Talskiddy people 'shocked' by Duchy Of Cornwall mining rights
Householders in a Cornwall village have been left "shocked" by the discovery the Duchy of Cornwall owns mining rights for the land under their homes.
Residents of Talskiddy, near St Columb, were informed by the Land Registry of the claims, by post.
The duchy is having to officially register ancient rights if it is to keep them beyond October 2013.
It said the registration did not mean it had any intentions of mining the land.
However, villager Keith Lipscomb said he was "concerned what effect this is going to have on my property".
"I knew nothing whatsoever about this when I bought the property, nothing came up on land searches or mining searches and has not been known to any of my neighbours either."
The Duchy of Cornwall is a private estate which funds the public, charitable and private activities of the Prince of Wales and his family and consists of 53,628 hectares of land in 23 counties, mostly in the south west of England.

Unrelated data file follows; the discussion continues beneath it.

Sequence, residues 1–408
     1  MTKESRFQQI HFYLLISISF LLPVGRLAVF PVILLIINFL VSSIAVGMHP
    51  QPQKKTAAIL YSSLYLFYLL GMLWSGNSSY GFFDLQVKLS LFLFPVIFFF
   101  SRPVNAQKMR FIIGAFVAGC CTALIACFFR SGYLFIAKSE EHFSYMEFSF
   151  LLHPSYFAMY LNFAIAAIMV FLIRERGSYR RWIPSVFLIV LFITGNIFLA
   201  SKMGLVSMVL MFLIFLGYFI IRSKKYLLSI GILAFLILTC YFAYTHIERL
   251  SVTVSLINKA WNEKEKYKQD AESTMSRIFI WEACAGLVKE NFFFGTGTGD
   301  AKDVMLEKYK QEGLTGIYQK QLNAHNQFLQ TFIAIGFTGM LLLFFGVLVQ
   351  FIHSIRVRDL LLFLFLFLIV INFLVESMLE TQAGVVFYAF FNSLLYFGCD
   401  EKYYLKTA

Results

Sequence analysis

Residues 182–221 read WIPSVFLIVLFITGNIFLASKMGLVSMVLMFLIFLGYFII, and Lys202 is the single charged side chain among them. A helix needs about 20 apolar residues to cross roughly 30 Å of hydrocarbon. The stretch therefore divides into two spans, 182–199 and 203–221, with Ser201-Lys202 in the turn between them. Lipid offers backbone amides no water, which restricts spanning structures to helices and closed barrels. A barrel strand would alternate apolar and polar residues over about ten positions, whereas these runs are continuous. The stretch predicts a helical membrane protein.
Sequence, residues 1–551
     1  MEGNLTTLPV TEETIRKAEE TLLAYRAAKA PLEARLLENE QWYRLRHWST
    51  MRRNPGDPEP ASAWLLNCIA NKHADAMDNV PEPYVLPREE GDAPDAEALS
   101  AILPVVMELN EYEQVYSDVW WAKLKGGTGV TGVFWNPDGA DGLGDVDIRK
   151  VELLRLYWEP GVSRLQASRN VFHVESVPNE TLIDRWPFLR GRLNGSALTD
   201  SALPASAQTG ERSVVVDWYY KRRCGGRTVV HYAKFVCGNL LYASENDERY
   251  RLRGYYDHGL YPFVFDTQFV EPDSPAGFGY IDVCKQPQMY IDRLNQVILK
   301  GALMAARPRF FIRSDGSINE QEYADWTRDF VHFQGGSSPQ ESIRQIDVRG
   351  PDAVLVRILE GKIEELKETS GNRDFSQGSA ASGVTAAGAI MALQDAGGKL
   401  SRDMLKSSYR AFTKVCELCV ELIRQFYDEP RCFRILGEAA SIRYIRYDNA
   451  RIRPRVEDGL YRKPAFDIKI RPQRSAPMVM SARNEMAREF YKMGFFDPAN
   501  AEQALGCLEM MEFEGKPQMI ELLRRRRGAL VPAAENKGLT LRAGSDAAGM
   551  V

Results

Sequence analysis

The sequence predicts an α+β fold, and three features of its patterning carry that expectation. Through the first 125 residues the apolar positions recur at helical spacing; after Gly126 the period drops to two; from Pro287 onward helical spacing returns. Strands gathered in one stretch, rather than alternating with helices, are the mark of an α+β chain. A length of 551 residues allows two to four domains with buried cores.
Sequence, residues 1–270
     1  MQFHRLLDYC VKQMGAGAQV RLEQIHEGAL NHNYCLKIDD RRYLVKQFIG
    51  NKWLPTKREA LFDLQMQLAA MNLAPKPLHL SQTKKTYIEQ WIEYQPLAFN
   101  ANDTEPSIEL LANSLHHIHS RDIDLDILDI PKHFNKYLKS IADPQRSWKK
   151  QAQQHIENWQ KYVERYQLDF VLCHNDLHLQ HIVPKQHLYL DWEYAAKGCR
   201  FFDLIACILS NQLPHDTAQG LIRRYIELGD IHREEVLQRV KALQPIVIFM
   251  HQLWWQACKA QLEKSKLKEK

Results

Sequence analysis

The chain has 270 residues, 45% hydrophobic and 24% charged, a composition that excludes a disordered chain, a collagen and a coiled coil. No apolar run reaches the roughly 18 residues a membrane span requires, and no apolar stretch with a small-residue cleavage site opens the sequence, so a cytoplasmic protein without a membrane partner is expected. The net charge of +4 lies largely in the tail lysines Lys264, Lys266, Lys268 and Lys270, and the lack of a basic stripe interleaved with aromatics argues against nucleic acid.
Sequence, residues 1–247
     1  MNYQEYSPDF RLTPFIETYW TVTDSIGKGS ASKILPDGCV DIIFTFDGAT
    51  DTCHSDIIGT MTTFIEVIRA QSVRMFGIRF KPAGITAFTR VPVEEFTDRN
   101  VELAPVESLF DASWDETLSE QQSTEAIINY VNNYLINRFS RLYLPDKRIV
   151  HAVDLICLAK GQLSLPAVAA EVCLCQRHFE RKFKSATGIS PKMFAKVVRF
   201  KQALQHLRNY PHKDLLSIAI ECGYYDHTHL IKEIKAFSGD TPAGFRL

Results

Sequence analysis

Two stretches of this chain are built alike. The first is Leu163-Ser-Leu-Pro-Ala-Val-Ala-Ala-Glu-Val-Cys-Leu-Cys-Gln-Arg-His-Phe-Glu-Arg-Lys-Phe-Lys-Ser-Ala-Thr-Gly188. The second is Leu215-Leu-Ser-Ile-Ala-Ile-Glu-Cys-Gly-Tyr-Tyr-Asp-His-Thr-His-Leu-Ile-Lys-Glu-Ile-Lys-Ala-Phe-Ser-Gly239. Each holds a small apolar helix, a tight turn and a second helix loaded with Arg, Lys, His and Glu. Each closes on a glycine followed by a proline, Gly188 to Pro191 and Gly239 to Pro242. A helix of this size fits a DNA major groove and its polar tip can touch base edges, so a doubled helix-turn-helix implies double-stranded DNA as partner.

Established in 1337, the centuries-old rights were formalised in an Act of Parliament in 1844.
The Land Registration Act of 2002 set a deadline of October 2013 by which the holders of rights needed to register them officially.
Mr Lipscomb said: "I accept that they have the rights and I accept that they are trying to consolidate those rights, but what does concern me is that when I bought the property I bought it without any knowledge of this and it is now going to added to my deeds."
In a statement, the Duchy of Cornwall said it was just responding to a change in the law.
"The Duchy of Cornwall is having to register its mineral rights with HM Land Registry in order to preserve them for the future."
"This does not mean that the duchy has any intention at this time to work the minerals.
"The duchy has owned these mineral rights for many centuries - it is simply a case of the duchy registering its existing rights."